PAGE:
James Richard Graves, Jr.

/James Richard Graves, Jr.

James Richard Graves, Jr. (1938)

Inducted 2008

Highlights

Started out running the harvesting operations and proceeding to secretary and treasurer from 1969 to 1985 for Graves Brothers Company. Served as president from 1985 to 1993 and then CEO of Graves Bros. Co. from 1993 to 1998. Worked with CHoF member Dr. Mohammed Ismail to put Fly-free zones in place and establish Fruit Fly protocol to ensure continued shipment of Florida citrus to Japan after a fruit fly infestation occurred in Florida in the early 1980’s.

Graves Brothers Company

Florida Citrus Commission

Florida Citrus Packers

United Fresh Fruit and Vegetable Association

Florida Chamber of Commerce

Bio

James Richard Graves, Jr. was born on October 7, 1938 in Vero Beach to J.R. “Rip” Graves and his wife, Addie Graves. His sister, Elizabeth Graves Bass was born three years earlier and both were lifelong residents of Vero Beach. Graves Brothers Company is the oldest company of continuous existence that grows and ships Indian River citrus. Richard’s father, “Rip” Graves, is also a member of the Citrus Hall of Fame.

Graves attended Vero Beach Sr. High, where he graduated as salutatorian in 1956. While there, he was a member of the 4-H, National Honor Society, a Boy Scout, and lettered in football before going on to the University of Florida. While a student in Gainesville, he was a member of the Sigma Nu Fraternity and the Accounting Honorary Society. He received his BS in Public Accounting in 1960. Because he believed that children in a family business should work outside the family first, Graves practiced as a CPA in Vero Beach as a partner of Allen and Graves for 9 years, before joining the family business in 1969.

From 1963 to 1976, Graves was married to Barbara Ross. They had two children together: Debbie Graves Feigel and James R. Graves, III, who has followed in his father’s footsteps as produce sales manager for FreshQuest. In 1979, he married Mary Pfleger, whom he met through his roommate – her brother – while attending a fundraiser for their fraternity brother, Bob Graham.

When Graves joined the family business, he continued a long family tradition in agriculture. Graves Brothers Company was originally founded in 1895 as a logging company in Geneva, AL, with several sawmills located in the Florida panhandle. The company expanded its logging operations to Wabasso in 1919, eventually moving into farming vegetables and then citrus, which it still handles today. In 2004, the Graves family was a recipient of the “Legends of the River” Lifetime Achievement Award recognizing the pioneers in the development of the Indian River Citrus Industry. His family also is responsible for endowing an Eminent Scholar Chair at the University of Florida for IFAS. Graves worked his way up in the company, beginning with running the harvesting operations and proceeding to secretary and treasurer from 1969 to 1985. Eventually he served as president from 1985 to 1993 and then CEO of Graves Bros. Co. from 1993 to 1998. Under his leadership, the company grew from 2,200 acres to over 9,500 acres.

An avid proponent of the grower and shipper, Graves served on numerous industry organizations, including the Florida Citrus Commission, Florida Citrus Mutual, the Indian River Citrus League, the Florida Land Council and the IFAS Share Council. He was President of the Florida Citrus Packers, Chair of United Fresh Fruit & Vegetable Association and Chairman of the Florida Chamber of Commerce. Graves was extremely instrumental in working with another Hall of Fame member, Dr. Mohammed Ismail, to put Fly-free zones in place and establish Fruit Fly protocol to ensure continued shipment of Florida citrus to Japan after a fruit fly infestation occurred in Florida in the early 1980’s. This outbreak would have strangled shipments of fresh Florida fruit to Japan without the decisive actions of men like Graves and Dr. Ismail. In addition, he visited with members of Congress every year to discuss the intricacies of Florida agriculture and how both state and national policies might affect the industry. He also testified at numerous congressional hearings on agricultural policy.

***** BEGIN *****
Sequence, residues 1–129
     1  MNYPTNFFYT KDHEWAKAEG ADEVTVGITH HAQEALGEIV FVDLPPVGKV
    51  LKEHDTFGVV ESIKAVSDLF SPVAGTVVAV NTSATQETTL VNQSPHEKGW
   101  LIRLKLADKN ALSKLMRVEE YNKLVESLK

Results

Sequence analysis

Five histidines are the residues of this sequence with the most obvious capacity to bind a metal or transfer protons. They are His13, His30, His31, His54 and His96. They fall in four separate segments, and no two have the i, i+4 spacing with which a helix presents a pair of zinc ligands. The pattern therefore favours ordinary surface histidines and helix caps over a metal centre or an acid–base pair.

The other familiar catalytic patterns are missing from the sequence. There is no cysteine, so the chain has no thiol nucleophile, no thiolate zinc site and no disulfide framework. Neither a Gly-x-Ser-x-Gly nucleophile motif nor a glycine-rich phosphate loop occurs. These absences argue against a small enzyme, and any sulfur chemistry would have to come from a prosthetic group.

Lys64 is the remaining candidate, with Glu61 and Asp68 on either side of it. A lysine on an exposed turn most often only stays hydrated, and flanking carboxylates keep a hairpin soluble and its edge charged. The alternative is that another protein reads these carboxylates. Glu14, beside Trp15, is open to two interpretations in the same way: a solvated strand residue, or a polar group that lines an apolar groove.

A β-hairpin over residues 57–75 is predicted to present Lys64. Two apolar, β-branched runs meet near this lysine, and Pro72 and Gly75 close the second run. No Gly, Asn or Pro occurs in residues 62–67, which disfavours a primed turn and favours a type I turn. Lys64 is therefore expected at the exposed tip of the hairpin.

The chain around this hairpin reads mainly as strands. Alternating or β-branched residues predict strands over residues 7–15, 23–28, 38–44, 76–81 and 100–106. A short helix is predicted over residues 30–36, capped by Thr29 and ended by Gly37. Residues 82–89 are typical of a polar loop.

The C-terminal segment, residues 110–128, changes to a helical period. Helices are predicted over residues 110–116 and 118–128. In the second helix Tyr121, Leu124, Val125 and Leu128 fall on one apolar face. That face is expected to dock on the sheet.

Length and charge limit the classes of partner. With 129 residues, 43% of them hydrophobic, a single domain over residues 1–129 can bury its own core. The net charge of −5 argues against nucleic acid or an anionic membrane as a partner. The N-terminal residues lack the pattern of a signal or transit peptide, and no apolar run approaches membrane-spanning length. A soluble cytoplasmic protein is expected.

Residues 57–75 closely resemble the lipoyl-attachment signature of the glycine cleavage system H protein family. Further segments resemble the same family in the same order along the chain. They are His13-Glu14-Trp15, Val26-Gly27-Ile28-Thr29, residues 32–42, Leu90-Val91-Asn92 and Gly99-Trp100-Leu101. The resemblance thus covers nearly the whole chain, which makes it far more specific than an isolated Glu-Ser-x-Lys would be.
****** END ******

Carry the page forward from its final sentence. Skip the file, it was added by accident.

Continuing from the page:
In 2005, the Florida Chamber of Commerce elected Richard Graves as Director Emeritus for the dedication and service he provided to the Chamber for over 20 years. Graves joins only 11 other members that have been honored with this title. Graves first became involved with the Chamber in 1984 as a member of the Board of Directors. He served as treasurer from 1988 to 1990, chair from 1995 to 1996, and trustee of the Chamber Foundation from 1997 to 2000.

Graves was a noted philanthropist. He established the Children’s House for the Redlands Christian Migrant Association in his great uncle’s home, making time to personally go to the school and read books to the children on a regular basis. In addition, he was active in the United Way, St. Edward’s School, Big Brothers/Big Sisters and the East Coast Migrant Head Start Project. In passing, he left a legacy to children of migrant farm workers in Indian River County. He cared deeply for the workers who picked the fruit and their families. Upon his passing, the Redlands Christian Migrant Association received nearly $25,000 in tributes, all of which benefited renovations a new Children’s House building.